- Returning all those headhunter calls you’ve gotten to provide them with a referral – to keep that relationship going.
12. When complimented, watch the size of your head.
Talent is God given. Be humble.
Fame is man-given. Be grateful.
Conceit is self-given. Be careful.
– Coach John Wooden7
13. To really differentiate yourself from the rest of the HR pack, start a blog.
14. The Awesome Power of Mentors
A University of Virginia and Harvard study found that people with three mentors are more likely to get promoted than someone with fewer than three. They also perform better on the job, earn higher salaries and report more job and career satisfaction. This is true in HR as well. I’ve never found an exceptionally successful HR leader who cannot name a cadre of influential mentors who helped their careers along the way.
15. Leave the words “human capital” in the textbooks conference rooms and with the HR consultants.
In real life, you can’t treat people like they’re numbers in a powerpoint presentation or as “human capital” that can be sold off like a stock. That’s in free fall. They’re people, like you and me, with families and fears and aspirations for the future. And for most of their day, they choose to invest their time and energy in our organizations.
16. The HR leader’s job is CHANGE. If you’re not spearheading and guiding change, you’re managing – not leading.
Never invent mediocrity when you can copy genius. Swipe best practiecs from any place and anywhere you can if it helps move your HR department, your HR career or your business forward. Steal from other departments. Swipe from other divisions. Take from other firms. BE sure you give them credit then add your unique twist. If it’s proven and it works, why not? Bury your ego. Creating new stuff from scratch always take more time than you think and is highly overrated.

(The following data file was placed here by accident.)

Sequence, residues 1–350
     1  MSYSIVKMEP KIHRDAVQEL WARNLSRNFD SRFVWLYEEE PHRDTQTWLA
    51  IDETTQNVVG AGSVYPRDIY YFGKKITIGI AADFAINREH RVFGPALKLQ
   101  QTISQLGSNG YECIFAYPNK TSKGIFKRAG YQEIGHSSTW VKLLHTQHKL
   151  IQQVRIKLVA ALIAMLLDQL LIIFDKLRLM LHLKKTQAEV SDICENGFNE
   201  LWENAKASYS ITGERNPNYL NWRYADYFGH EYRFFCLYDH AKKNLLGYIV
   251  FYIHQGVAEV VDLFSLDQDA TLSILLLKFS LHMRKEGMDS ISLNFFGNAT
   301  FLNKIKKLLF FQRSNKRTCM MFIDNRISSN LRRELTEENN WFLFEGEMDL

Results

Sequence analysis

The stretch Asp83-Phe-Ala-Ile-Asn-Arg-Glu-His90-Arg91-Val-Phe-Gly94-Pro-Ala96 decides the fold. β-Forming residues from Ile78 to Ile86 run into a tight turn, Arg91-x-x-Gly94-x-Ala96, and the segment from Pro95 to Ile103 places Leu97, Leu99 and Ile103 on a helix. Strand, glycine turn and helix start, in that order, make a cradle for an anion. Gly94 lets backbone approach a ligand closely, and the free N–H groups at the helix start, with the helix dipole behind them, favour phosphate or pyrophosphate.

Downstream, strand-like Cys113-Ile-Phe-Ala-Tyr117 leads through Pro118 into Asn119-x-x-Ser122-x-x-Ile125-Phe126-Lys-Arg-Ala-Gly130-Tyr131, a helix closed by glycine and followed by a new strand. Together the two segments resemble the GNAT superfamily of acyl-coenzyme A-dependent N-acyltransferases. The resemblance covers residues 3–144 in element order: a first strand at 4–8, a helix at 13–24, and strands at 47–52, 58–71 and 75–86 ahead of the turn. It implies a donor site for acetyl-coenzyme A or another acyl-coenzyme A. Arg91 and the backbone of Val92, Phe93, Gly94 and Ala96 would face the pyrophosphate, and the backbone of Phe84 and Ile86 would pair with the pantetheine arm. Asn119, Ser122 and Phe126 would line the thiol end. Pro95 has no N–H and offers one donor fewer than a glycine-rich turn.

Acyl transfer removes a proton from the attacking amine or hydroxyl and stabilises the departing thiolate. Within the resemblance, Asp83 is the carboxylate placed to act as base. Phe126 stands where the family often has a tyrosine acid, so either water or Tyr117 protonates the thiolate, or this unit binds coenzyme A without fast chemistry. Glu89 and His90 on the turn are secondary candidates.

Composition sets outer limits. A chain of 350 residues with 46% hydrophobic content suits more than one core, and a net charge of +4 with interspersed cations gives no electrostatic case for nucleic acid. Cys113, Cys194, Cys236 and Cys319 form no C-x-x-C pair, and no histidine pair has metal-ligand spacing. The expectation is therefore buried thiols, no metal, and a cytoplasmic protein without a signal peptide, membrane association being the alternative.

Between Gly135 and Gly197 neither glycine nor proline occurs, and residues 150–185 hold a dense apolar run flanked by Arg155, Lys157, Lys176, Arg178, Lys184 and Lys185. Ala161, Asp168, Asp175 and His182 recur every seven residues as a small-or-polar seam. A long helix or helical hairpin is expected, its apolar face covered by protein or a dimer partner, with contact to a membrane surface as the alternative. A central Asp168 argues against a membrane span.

18. A truly great HR leader searches for eagles, not turkeys, and then teaches them to fly in formation.
19. The 3 most important key in managing your poor performing employees:
- Clear expectations
20. In recruiting and hiring, don’t use cost per hire as you only success metric. It matters, but QUALITY OF HIRE IS FAR MORE IMPORTANT. After a period of time, the only thing people remember is how great you hire was, not how much he or she cost.
Nobody remember how much Michael Jordon cost to sign. And those that do don’t care, because he created billions and championships. Nobody cares that John Gruden was paid $8 million to coach when he won the Super Bowl.
21. When planning your HR strategy, dig deep into your turnover numbers. Losing the top performing 20% of your people is 5 times more hurtful in your organization than any other group. It’s not HOW MANY you’re losing, it’s WHO you’re losing.
22. One year after you leave college, if you’re knocking it out of the park, no one will care what your GPA was.
23. BIG goals to tackle that will easily place you among the top 5% of all HR professionals:
- Getting 20 recommendations on LinkedIn.
- Publishing an article once a year on your specialty.
- Developing a free white paper on your specialty downloaded 500 HR people
- Writing an HR book.
- Speaking at local or national SHRM conference.
- Conducting a webinar, workshop, talk or speech on your specialty
- Starting your own HR blog
- Starting a group on LinkedIn
- Giving a lecture or teaching an HR class at a local university
- Creating a brown-bag lecture series
- Become an officer in a network or trade association
- Getting a twitter account and attracting 500 meaningful followers
- Attaining HR certification
- Clearly defining how you are different than every other HR professional
- Producing a YouTube video on your specialty
24. David Ogilvy, the well-known advertising wizard who founded the Ogilvy & Mather advertising agency, never spent a day in HR, but had an orientation practice that all HR leaders would appreciate. He established a wonderful tradition of welcoming new leaders in his organization with a gift of five wooden dolls, each smaller than the other, one inside the other. When the recipient finally gets to the fifth little doll, the smallest doll, and opens it, he finds the message: “If each of us hires people who are smaller than we are, we shall become a company of dwarfs, but if each of us hires people who are bigger than we are, we shall become a company of giants.”